New director of MSU Center for Regional Food Systems

Rich Pirog will succeed Mike Hamm, Michigan State University C.S. Mott Professor of Sustainable Food Systems, as director of the Michigan State University Center for Regional Food Systems (CRFS).

Rich Pirog

Rich Pirog will succeed Mike Hamm, Michigan State University C.S. Mott Professor of Sustainable Food Systems, as director of the Michigan State University Center for Regional Food Systems (CRFS).


As director, Pirog will guide the Center as it continues to engage partners across Michigan, the United States and the world in developing regionally integrated sustainable food systems through applied research, education and outreach. Hamm will remain with CRFS as a senior fellow, but will dedicate more time to writing and developing international food systems collaborations while continuing his teaching and research as MSU faculty.


“I have every confidence that Rich will expand the Center’s influence through its research and engagement. He is both creative and diligent around the Center’s needs,” said Hamm. “The Center is blessed with a cadre of very skilled and passionate people – I am sure they will all expand their reach under Rich’s leadership. I look forward to remaining a part of the Center and watching Rich effectively lead and grow the MSU Center for Regional Food Systems.”


Under Hamm’s leadership, CRFS has made substantial contributions to state and national food systems work – including the creation and advancement of the Michigan Good Food Charter; the establishment of the MSU Student Organic Farm and Organic Farmer Training Program; the formation of Michigan Farm to School, the Michigan Farm to Institution Network, the Michigan Food Hub Network and the Michigan Livestock Network; the launch of the Michigan Good Food Fund; the implementation of several food systems infrastructure and planning initiatives and the production of local food economic impact assessments.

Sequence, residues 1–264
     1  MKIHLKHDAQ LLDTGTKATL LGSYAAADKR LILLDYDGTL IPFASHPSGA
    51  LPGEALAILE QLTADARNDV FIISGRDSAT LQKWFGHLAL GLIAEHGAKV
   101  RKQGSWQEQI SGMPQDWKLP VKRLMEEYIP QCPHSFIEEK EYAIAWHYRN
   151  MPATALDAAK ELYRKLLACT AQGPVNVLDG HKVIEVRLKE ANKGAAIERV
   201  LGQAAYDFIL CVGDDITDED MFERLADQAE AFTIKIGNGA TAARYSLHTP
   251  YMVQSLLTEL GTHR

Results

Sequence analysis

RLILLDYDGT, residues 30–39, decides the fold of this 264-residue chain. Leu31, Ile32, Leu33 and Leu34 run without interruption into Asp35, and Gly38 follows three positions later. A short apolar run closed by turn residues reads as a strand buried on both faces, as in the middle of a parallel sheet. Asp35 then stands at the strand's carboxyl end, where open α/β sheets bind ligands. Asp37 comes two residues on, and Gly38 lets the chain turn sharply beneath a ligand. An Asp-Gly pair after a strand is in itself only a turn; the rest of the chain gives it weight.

“In creating and leading the MSU Center for Regional Food Systems, Mike has helped to make the state of Michigan a premier national example of collaborative innovations that advance and strengthen local and regional food systems,” said Doug Buhler, Interim Dean of Michigan State University College of Agriculture and Natural Resources. “I congratulate Mike on his accomplishments as founding director of CRFS, and look forward to his ongoing contributions to the field as he continues in his role as C.S. Mott Professor of Sustainable Agriculture.”


Hamm has served as CRFS director since the Center’s creation in 2011 after founding the C.S. Mott Group for Sustainable Agriculture at MSU in 2003. Pirog has been CRFS senior associate director since 2011, and served as CRFS acting director from January 2015 to August 2015 while Hamm took study leave at the University of Oxford in Oxford, England.


“I have known Rich Pirog since his time with the Leopold Center and have always admired his foresight, leadership, and ability to collaborate with a broad range of partners,” said Oran B. Hesterman, president and CEO of Fair Food Network. “I look forward to our continued partnership under Rich’s leadership as CRFS advances its important work supporting local and sustainable food systems.”


While serving as CRFS senior associate director, Pirog led development of the Michigan Food Hub Network, provided leadership for the Center’s first strategic plan, spearheaded CRFS’s role as a core partner in the Michigan Good Food Fund and authored numerous resources, including a history of United States local food initiatives titled, The Local Food Movement: Setting the Stage for Good Food.


Before joining CRFS, Pirog served as associate director of the Leopold Center for Sustainable Agriculture at Iowa State University. Pirog has more than 25 years of experience in sustainable food systems research and outreach. His research and collaborative work on food value chains, food hubs, economic impacts of local foods, food networks and communities of practice has been cited in magazines and media outlets across the globe, used by local food practitioners and are often referenced in books and college courses.


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